It's shortly after 10 on a Friday night and Stankonia Studios is getting crowded. Members of local rap duos Retro Sushi and FatKidsBrotha pace the control room or sprawl out on brown leather couches, while Hollyweerd's Go Dreamer sits at the monitor in a Pro Tools trance. A heated argument about Ja Rule is cut short when someone notices Major Payne is playing on the muted TV in the corner. Meanwhile, the track they're working on has grown hypnotic with repetition, though it stays unfinished: just a beat, a hook, and a shout-out to Two-9 on a loop for the rest of the night.
Founded three years ago, Atlanta rap collective Two-9 was the brainchild of local beatmaker Key, who says the goal was to start a "conglomerate," or, put another way, "a record label in reverse." He sold his friend Curtis Williams on the idea, and together they roped in a number of longtime collaborators including Retro Sushi and FatKidsBrotha, along with an extended family of other producers and rappers like Wavy Wallace, Damien, and Money Makin Nique.
If they remain well under the radar, it's not for lack of trying. With their resourceful social media push and passion for the arduous, old-fashioned work involved in the rap grind, from sleeping on couches to the chaos of dank, underlit club shows, they haven't slowed down since they started. This month, the group has earned a spot at the A3C Hip-Hop Festival performing alongside a daunting lineup of, among others, veterans of the very rap collectives who paved the way for Two-9's existence, like Wu-Tang and the Dungeon Family. If they weren't so busy, they'd probably be nervous.
As a date of birth, 2009 is accurate enough, but the roots of the crew go back much further. Ceej and Jace of Retro Sushi went to high school together, and Johnny and DavE of FatKidsBrotha are in fact brothers. Curtis and Key met as 10-year-olds living in the same neighborhood. "He [Williams] did all the music first," Key says. "I was kinda just a little thug."
"We grew up around these people," Williams says. "We're going to the same parties, we went to the same schools — we were just always around everybody." This sense of community comes through in their music, and in their videos as well, like the drunken backyard barbecue in their most popular clip for "Scottie 2 Hottie" (Key's the one with the pajama pants and the assault rifle, Curtis is the one who keeps getting distracted by his phone).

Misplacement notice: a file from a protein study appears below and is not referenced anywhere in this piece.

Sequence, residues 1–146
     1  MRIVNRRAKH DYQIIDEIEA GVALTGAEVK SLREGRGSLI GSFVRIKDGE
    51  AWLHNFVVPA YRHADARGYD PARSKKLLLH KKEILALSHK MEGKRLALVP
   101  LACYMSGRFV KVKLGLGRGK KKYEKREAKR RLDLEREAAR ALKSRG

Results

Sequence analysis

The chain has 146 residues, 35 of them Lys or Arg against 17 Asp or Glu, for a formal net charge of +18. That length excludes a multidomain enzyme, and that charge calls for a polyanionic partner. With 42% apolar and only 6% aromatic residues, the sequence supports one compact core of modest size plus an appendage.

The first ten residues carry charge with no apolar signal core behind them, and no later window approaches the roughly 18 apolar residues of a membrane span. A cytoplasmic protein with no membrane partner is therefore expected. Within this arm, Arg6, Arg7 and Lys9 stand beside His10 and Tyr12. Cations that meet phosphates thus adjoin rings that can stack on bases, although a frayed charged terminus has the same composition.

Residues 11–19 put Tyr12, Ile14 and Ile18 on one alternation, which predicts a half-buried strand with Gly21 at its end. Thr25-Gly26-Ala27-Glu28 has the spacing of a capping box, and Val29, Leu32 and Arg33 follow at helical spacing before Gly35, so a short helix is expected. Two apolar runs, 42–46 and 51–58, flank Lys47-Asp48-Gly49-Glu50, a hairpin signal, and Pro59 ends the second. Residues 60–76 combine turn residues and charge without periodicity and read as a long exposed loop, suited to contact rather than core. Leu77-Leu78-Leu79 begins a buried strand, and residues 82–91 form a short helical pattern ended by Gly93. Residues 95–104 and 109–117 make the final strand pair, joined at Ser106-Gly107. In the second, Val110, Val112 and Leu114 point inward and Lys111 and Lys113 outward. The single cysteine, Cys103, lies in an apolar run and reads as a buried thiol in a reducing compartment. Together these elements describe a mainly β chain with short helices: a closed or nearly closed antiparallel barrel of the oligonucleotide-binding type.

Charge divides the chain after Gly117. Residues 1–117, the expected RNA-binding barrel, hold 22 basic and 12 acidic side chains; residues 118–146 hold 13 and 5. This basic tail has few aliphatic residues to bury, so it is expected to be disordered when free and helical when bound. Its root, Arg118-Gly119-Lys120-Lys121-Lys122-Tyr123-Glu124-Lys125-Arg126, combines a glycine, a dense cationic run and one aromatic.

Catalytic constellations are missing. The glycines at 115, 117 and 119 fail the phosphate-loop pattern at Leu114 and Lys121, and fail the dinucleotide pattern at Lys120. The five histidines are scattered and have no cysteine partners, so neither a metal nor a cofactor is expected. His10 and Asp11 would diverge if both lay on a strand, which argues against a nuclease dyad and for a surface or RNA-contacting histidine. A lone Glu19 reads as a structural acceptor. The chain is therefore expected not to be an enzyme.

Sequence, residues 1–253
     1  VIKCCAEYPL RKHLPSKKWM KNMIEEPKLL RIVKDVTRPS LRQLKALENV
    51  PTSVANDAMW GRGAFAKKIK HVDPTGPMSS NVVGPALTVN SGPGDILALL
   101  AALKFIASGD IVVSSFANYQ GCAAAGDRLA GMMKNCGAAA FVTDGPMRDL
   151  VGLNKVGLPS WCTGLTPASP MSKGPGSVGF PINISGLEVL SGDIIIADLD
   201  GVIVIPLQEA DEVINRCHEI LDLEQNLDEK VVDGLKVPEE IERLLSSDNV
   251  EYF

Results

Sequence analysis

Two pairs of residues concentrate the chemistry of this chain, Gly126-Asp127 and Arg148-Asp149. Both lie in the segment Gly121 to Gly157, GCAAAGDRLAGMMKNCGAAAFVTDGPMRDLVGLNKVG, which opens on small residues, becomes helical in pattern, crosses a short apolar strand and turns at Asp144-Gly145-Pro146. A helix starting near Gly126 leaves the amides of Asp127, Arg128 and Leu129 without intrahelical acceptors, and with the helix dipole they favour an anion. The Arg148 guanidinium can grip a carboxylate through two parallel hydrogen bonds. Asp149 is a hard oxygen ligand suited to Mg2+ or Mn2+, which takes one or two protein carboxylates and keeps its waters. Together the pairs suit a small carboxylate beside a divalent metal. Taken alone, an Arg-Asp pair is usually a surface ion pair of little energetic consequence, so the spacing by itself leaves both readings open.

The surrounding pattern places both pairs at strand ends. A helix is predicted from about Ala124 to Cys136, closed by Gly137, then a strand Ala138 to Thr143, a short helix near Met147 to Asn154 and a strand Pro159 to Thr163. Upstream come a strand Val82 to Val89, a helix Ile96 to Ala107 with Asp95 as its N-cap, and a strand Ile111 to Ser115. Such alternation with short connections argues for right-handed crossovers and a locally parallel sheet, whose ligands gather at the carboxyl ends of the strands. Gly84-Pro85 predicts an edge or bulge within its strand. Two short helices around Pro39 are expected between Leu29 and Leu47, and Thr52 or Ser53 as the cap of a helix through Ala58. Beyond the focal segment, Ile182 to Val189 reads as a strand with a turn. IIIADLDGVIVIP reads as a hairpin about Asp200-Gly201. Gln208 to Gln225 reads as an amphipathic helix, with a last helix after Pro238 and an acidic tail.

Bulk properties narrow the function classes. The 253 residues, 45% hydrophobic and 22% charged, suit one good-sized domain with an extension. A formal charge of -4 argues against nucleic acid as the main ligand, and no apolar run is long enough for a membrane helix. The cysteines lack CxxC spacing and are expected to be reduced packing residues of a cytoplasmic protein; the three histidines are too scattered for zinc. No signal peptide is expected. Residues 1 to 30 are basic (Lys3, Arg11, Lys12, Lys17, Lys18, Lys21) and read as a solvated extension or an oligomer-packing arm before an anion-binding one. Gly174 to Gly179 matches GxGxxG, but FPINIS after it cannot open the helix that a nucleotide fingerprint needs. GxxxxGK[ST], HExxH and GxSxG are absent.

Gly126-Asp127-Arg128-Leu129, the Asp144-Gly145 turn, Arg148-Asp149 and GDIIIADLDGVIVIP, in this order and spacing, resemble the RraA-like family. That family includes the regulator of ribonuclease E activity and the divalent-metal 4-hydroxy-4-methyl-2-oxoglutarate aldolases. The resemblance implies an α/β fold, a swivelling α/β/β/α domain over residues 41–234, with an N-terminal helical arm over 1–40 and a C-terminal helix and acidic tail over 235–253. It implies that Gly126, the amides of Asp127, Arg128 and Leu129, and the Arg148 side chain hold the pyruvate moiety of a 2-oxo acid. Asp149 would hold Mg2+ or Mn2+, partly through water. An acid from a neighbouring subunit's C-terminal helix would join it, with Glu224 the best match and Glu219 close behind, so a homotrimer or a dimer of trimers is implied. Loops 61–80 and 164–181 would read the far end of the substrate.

Key and Williams both credit regional rap styles like Bay Area hyphy and Atlanta crunk and snap music as their gateways into hip-hop. "A lot of dumb shit," as Key puts it, though you can hear the influence of these sounds in much of Two-9's own output, which takes cues from both the Internet-era underground and the strip club circuit.
Most of the members have been releasing music for years in various guises, but it's Two-9 Forever, the group mixtape released over the summer, that best embraces the contrast, veering comfortably from such hyperactive fight anthems as "9" to the blissed-out introspection of "Shake Em Off." Key calls it "a walk through our history," and the result is one of the most impressive local releases of the year.
With a growing online presence, a slate of out-of-town shows, and endorsements from figures like Killer Mike, Juicy J, and A$AP Rocky, the collective has gained momentum in recent months. Opening and producing for bigger artists has given them a glimpse into an industry they're still circling suspiciously. "It's funny," Key says. "A lot of these people are dickheads. It shows me what I don't want to be."
As thrilled as they are at the attention, they're more focused on their local following than the online hype cycle. There's a refreshing humility to the way they talk about their ambitions. "Everybody wants to be the best rapper or best producer or best whatever," Curtis says, "I'm not really worried about being the best. I'm worried about being the best Two-9, that's it. Making sure Two-9 is doing exactly what I know we're capable of doing."
Back at Stankonia, after the session has ended, Ceej and Jace linger in the parking lot smoking menthols and arguing about whether or not the person who just entered the studio was Miami rapper Gunplay. Having decided to their satisfaction that it was, they move on to other matters. "What's that one band that's the greatest band ever?" Jace asks. "Supertramp," Ceej answers immediately, and Jace nods in recognition.
Stamping out their cigarettes, they envision a tour that would involve the whole collective, stressing that this is the way they'd all like to proceed — as a group rather than as individuals. "We like doing this shit together," Jace says shrugging. "That's the whole point."
From headliners like Big Boi to West Coasters like Ab-Soul to East Coasters like Freeway to ATL's own Danny!, this fest covers every corner of the hip-hop nation
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